Younger people efficiently engage brain processes necessary to perform a task, while at the same time “shut down” processes irrelevant to the task, according to new research from the Center for Vital Longevity (CVL)
at UT Dallas.
In addition, this ability to modulate, or control, brain activity appears compromised in older adults, said Dr. Kristen Kennedy
, assistant professor at the center and the School of Behavioral and Brain Sciences
A new study from the Center for Vital Longevity
at The University of Texas at Dallas is among the first to investigate how degraded connections in certain parts of the adult brain might affect the ability to perform the financial calculations that are vital to everyday life among older adults.
The results, published in the most recent issue of the Journal of Alzheimer’s Disease
, relied on imaging the white matter connections within the brain and measuring how intact the connections are. Researchers found a correlation between the integrity of white matter — the tracts that allow communication between different brain regions — and the ability to calculate finances.
Dr. Karen Rodrigue and Dr. Kristen Kennedy have been recognized by the Association for Psychological Science
(APS) as Rising Stars. Rodrigue and Kennedy joined the UT Dallas Center for Vital Longevity as assistant professors in 2012.
The APS Rising Star award highlights early career psychologists from around the world who are making a significant impact in the field of psychological science.
“Both of these young scientists have international reputations in the field of neurocognitive aging,” said Dr. Denise Park, co-director of the Center for Vital Longevity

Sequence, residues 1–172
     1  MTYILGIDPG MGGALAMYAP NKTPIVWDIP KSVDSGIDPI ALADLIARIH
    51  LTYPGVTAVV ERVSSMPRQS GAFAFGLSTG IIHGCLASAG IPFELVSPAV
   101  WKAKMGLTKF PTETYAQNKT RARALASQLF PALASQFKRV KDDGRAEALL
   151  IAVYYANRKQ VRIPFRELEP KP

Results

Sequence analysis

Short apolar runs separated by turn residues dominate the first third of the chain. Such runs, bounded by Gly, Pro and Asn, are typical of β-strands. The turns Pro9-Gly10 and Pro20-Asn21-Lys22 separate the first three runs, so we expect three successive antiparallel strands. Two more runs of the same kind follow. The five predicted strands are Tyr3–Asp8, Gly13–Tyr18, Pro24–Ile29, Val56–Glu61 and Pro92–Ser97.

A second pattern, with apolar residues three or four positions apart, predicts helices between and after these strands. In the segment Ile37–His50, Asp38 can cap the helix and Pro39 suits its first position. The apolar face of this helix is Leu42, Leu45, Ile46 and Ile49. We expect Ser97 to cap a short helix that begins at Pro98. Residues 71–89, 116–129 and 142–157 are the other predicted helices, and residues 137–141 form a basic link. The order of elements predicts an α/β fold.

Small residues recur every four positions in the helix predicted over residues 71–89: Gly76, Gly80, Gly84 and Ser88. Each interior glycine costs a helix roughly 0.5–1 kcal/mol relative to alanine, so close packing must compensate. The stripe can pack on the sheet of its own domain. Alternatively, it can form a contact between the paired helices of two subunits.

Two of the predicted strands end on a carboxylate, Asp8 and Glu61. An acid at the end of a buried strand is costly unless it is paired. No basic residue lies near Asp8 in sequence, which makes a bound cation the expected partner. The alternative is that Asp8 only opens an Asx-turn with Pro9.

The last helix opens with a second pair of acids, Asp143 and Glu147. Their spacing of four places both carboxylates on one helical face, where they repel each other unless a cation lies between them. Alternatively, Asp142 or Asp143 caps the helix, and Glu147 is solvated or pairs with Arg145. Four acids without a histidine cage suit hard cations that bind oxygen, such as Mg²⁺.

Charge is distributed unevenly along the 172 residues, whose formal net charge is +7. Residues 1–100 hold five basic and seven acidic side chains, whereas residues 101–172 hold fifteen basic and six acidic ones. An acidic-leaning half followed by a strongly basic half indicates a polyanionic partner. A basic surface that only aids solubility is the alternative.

and Distinguished University Chair in Behavioral and Brain Sciences
. “What is exciting to me is that their most important work is still ahead of them. I am thrilled to have them at the Center for Vital Longevity.”
Dr. Kristen Kennedy is looking to the brain’s white matter for clues about how the brain changes as we age and why some people are able to maintain good cognitive health while others are not.
Nearly half the human brain is white matter, which consists of millions of bundles of nerve fibers that connect neurons in different brain regions into functional circuits.
Kennedy joined the UT Dallas faculty this year as an assistant professor in the School of Behavioral and Brain Sciences
(BBS) and UT Dallas’ Center for Vital Longevity
Research from the Center for Vital Longevity
(CVL) at The University of Texas at Dallas has shed new light on which cognitive processes tend to be preserved with age and which ones decline.
Results from a study recently published in NeuroImage
confirm behavioral findings that verbal ability — the accurate memory of words and vocabulary — remains intact during a lifetime while reasoning ability decreases in older adults.